Nothing Orthodox About Open Orthodoxy


chovevei-torah1By I. Schwartz, Yated Ne’eman

In the face of silence by most of the Orthodox world, the Yated has consistently spoken out about the dangers of Open Orthodoxy, the ideology and movement founded and led by Rabbi Avi Weiss and the rabbis of Yeshivat Chovevei Torah (YCT) and the International Rabbinic Fellowship (IRF). The Yated has tracked the development of Open Orthodoxy and has exposed its array of hair-raising proclamations and programming, leaving readership wondering where the “Orthodoxy” in Open Orthodoxy is.


Our last exposé about Open Orthodoxy reviewed its history and documented the further crossing of red lines by this movement. For those who seek a brief recap:

  • The heads of the Reform and Conservative rabbinical schools participated in the first YCT semicha ceremony, where these non-Orthodox rabbinical leaders “danced together with students, faculty and other guests” (YCT Newsletter).
  • YCT highlights the work of one of its graduates, serving as a campus rabbi, in creating a Haggadah modified for the interests of same-gender marriage advocates (YCT Newsletter). This same YCT graduate has done other campus work promoting and celebrating same-gender expression (
  • YCT employs non-Orthodox rabbis, male and female, on its teaching staff, granting them full rabbinic credentials (YCT staff roster).
  • YCT sponsors joint training and theological programs and prayer with Reform and Conservative rabbinical students and clergy (YCT Newsletter and website). Similar programs with seminary students of other religions have also occurred under YCT auspices and are documented in the YCT Newsletter and on its students’ blogs.
  • YCT welcomed Catholic clergy to its bet midrash for a day of chavruta study with YCT rabbinical students, followed by a hand-in-hand circle dance and song with the Catholic clergy and YCT staff and students (
  • YCT pluralistic rosh yeshiva Rabbi Dov Linzer, in his article about perceived inequities in the Gemara toward non-Jews, shows that although some opinions in Chazal can be read to give non-Jews more equitable standing in the limited area of the article’s discussion, “the halakha follows the interpretation that the Gemara gives to the statements of the Tana’im and Amora’im. Nevertheless, many committed Jews are often left feeling that even when halakhic solutions are being found, they run counter to the ethos of the system, and are to some degree disingenuous and lacking in integrity. ‘Should we be bending the halakha to conform to our modern notions of egalitarianism?’ is a reasonable question to ask and a hard one to answer. An honest answer requires finding within the Talmud those voices that articulate those same values that are driving us” (Milin Havivin journal, vol. 1, p. 36).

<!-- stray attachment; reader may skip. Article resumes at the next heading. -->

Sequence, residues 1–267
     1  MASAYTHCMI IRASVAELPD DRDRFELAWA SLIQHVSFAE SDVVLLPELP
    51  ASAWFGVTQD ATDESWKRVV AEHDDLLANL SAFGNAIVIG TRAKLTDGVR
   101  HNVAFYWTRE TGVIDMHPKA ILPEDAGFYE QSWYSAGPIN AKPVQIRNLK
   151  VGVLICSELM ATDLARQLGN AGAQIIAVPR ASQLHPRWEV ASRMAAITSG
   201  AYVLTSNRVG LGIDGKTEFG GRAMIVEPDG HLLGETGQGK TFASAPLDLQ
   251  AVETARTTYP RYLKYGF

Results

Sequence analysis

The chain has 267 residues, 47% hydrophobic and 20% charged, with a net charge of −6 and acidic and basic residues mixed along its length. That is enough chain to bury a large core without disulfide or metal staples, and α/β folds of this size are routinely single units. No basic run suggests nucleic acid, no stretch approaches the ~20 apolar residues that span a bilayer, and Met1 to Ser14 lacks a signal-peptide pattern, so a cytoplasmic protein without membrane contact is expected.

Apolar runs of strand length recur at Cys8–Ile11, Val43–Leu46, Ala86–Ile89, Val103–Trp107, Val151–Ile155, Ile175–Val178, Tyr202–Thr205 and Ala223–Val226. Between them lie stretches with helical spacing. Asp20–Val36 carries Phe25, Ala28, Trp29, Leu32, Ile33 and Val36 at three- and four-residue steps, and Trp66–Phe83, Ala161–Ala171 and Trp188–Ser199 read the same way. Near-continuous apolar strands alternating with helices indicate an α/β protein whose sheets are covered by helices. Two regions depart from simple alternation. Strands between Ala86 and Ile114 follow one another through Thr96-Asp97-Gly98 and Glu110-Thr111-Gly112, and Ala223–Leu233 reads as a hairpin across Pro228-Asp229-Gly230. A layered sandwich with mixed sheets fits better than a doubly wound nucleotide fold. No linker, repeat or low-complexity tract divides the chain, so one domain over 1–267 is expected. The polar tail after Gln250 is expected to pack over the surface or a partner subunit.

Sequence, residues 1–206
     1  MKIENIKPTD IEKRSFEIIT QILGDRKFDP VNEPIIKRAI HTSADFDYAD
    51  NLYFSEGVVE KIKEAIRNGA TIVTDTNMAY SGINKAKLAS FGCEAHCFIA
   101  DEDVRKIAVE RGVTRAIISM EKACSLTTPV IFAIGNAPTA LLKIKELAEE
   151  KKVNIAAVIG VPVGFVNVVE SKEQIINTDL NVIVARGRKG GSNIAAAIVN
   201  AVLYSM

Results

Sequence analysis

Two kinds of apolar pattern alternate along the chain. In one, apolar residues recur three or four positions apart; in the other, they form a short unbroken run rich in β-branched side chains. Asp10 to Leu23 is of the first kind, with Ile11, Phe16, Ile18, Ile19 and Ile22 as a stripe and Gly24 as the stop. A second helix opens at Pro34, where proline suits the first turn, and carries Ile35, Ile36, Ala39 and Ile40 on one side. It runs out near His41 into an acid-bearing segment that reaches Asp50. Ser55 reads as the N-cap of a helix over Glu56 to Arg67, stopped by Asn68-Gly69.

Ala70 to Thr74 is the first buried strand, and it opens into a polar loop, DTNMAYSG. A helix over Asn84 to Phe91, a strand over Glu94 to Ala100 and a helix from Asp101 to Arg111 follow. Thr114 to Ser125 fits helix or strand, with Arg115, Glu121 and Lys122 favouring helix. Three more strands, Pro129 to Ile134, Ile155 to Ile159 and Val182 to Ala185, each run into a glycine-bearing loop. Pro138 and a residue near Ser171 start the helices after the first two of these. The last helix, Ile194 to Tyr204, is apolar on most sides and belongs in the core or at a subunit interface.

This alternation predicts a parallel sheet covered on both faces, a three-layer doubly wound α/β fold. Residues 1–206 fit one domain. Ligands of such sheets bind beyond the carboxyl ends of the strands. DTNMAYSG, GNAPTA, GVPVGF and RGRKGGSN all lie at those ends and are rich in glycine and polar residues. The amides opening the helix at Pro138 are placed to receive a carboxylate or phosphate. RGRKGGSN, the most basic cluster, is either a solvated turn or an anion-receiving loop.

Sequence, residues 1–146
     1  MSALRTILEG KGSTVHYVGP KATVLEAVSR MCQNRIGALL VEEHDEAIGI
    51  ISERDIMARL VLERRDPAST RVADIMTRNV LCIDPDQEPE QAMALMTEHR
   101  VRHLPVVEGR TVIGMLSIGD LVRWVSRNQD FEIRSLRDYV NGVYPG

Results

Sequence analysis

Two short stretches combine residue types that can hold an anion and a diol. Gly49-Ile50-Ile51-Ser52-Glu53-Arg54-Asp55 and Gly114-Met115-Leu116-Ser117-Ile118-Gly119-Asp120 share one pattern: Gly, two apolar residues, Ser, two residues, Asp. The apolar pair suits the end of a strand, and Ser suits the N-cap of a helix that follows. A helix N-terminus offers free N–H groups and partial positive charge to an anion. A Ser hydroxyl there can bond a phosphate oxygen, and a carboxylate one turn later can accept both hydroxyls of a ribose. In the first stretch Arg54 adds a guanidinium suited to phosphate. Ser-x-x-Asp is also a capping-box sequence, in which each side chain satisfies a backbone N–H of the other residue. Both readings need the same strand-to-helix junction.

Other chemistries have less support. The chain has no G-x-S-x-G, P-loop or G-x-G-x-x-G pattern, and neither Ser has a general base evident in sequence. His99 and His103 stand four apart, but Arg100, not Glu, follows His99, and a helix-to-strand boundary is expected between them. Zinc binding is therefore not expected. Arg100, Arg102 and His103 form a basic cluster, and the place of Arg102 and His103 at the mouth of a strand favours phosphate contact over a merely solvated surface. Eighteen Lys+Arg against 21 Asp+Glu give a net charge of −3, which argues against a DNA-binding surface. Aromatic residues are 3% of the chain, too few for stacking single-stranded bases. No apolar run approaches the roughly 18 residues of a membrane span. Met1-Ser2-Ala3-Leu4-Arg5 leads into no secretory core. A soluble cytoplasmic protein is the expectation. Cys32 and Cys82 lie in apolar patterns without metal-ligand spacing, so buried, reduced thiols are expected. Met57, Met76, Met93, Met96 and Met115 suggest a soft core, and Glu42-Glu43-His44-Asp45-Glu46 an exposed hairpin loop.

• 2009 saw the rabbinic ordination of Sara Hurwitz, who serves as “Rabba” Hurwitz at Rabbi Weiss’ shul, Hebrew Institute of Riverdale (HIR), and as dean of Yeshivat Maharat. “At the Hebrew Institute, she is a full member of the rabbinic staff, where she fulfills all functions of a rabbi, including teaching, speaking from the pulpit, officiating at life-cycle events, including funerals and weddings, and addressing congregants’ halachic questions… ‘I understood the desire and drive of others to serve in this capacity. I knew that with God’s help and the help of the many people who also supported the Orthodox ordination of women…'” (
  • A 2010 Kabbalat Shabbat service at HIR was led by a woman ( HIR also has an official women’s service with “Kriat HaTorah and Haftarah” read by women, along with female “Gabbayot.” (
  • HIR also hosts an annual Martin Luther King Jr. concert, where the male-female choir of Green Pastures Baptist Church, in full church robing, sings religious and gospel songs in the HIR synagogue sanctuary, from the bimah, together with Rabbi Weiss (see,, and
  • A 2010 “Statement of Principles” redefining the Orthodox attitude toward same-gender marriage was signed by YCT and IRF rabbis and their allies (
  • One IRF vice president went so far as to write that he would endorse having a special cake at a Kiddush in his shul to mark the engagement of two male members (

(From “What’s New with YCT, Open Orthodoxy and the RCA?” in Yated Ne’eman, June 24, ’11.)


The latest in this series of deviations from Torah Judaism was boldly announced recently on the “Morethodoxy” website, which features articles from the leaders of Open Orthodoxy about their ideology and movement. In what can be called nothing less than unprecedented, IRF officer and YCT advisory board member Rabbi Yosef Kanefsky (who is a member of the RCA and the rabbi of a shul that is part of a prominent Orthodox synagogue organization) brazenly declared that he no longer recites the daily bracha of “Shelo asani isha” and explained: “Each morning (by reciting the bracha of “Shelo asani isha”), we actually reinforce the inherited prejudice that holds that women possess less innate dignity than men.”